Res Judicata: Jobs for Americans First

Written by Howard Foster on Monday November 14, 2011

Last week’s blog post on restricting legal immigration as a partial solution to persistently high unemployment drew many comments. They made three basic arguments: 1) immigrants create demand for goods and services that results in a net plus for the economy, 2) immigrants do not compete with Americans for jobs, and 3) it is inhumane not to give citizenship to refugees.

I’ll address each in turn.

Working Immigrants Means Non-Working Americans. The entire premise of my piece was that the U.S. should reduce immigration at times of high unemployment because immigrants take jobs from citizens. The response was that immigrants may be taking jobs but pay taxes as sort of a silver lining. Tell that to an unemployed American who can’t find work.

My point was not that immigrants are unproductive and unemployed. Quite the opposite. The Immigration and Nationality Act (“the INA”) provides for 140, 000 “employment-based” immigrants to be allowed into the U.S. per year. That means those people are coming into the country for the express purpose of working (8 U.S.C. 1151(c)). Not a single commenter provided any reason we should do so at a time of high unemployment. Nor did any commenter provide an example of a job that cannot be filled by an American citizen. Moreover, the 140,000 figure is not trivial. In October the economy added only 100,000 jobs.

If the argument is that these 140,000 legal immigrants create such a jolt to the economy by spending vast sums of money for goods and services that they create a net plus for American workers, then I’d like to see the proof of such an economic miracle. Nobody cited any.

Immigrants Do Not Compete With Americans For Jobs. This is the converse of Argument 1. In order to for this theory to hold up, immigrants would have to take jobs Americans won’t do. One economist, Giovanni Peri, is an advocate of this theory of segregation in employment. I know he is wrong. I litigate RICO cases against employers of illegal immigrants in the poultry processing, cleaning and construction industries. These are the places unskilled immigrants tend to find work. But they are a minority of the workforces in every case I have seen. Americans with high school educations still predominate. They do the same work for the same pay.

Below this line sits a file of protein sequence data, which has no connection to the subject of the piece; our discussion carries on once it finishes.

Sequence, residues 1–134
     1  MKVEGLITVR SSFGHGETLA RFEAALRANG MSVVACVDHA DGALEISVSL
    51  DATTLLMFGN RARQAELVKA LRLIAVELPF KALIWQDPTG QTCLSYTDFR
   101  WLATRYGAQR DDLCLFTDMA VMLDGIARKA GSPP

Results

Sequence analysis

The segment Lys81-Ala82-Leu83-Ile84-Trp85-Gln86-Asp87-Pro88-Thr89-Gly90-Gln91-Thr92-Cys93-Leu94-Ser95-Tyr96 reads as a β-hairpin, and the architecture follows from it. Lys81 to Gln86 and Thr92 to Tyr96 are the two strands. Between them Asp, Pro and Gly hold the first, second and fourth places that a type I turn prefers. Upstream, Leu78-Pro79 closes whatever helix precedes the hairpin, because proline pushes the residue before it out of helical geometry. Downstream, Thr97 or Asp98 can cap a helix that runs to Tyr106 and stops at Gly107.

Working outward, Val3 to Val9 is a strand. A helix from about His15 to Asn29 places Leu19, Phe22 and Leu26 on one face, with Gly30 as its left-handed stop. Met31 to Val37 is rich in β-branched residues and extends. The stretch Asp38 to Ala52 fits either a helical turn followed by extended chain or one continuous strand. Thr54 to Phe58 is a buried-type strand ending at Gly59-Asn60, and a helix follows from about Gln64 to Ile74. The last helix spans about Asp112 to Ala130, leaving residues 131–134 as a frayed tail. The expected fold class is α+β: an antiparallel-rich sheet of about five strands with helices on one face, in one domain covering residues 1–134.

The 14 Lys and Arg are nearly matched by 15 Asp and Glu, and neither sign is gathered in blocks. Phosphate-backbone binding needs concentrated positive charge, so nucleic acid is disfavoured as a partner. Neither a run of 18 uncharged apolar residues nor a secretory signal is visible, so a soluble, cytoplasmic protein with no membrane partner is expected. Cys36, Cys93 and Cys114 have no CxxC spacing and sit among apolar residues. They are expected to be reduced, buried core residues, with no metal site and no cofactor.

There are no jobs Americans will not do for market wages. I have written extensively about this argument in prior posts here, particularly noting that sewer workers, probably the least desirable job in the economy, are overwhelmingly Americans. They take the horrible jobs because the wages are good, particularly in the large cities, where unions negotiate with municipalities for their pay.

Once it is understood that immigrants work alongside Americans, I can’t understand the argument for high levels of immigration during periods of high unemployment. The result will be fewer jobs for Americans and at depressed wages.

The U.S. Does Not Have to Give Citizenship to Refugees. Some commenters were outraged by my opinion that refugees should not be given citizenship. I proposed that we allow refugees (we admit about 100,000/ year), to be employed and then repatriate them if possible. Conditions in some countries do improve, like Rwanda, and I don’t see why refugees cannot go back if this occurs. If it does not, and they remain here for life, then they should be given lawful permanent residency status (“LPR”) rather than citizenship. If that’s immoral, then it is hard to justify giving LPR status to anyone. But we grant LPR status to over 1 million people each year.

The U.S. Should Suspend Family Sponsored Immigration. If there is no justification for employment-based immigration at a time of high unemployment, then we should consider the much larger category of “family-sponsored” immigration. The INA allows up to 480,000 such persons each year (8 U.S.C. 1151(c)). (This is a ceiling, but the law requires at least 226,000 per year.) This the bulk of legal immigration.

Moreover, the “immediate relatives” of U.S. citizens do not count against the 480,000 ceiling. So, in theory, the government can admit an unlimited number of immediate relatives each year. No commenters offered any justification for doing so at a time of high unemployment. Yes, family reunification might well be a desirable policy. But it does not outweigh our national interest in providing employment for our citizens.

We should amend the INA to tie this number to the unemployment rate, and require sponsors to post a bond with the government for use in the event their newly admitted relatives become unemployed. Relatives should rely on their sponsors and not become public charges. This is another goal of the INA.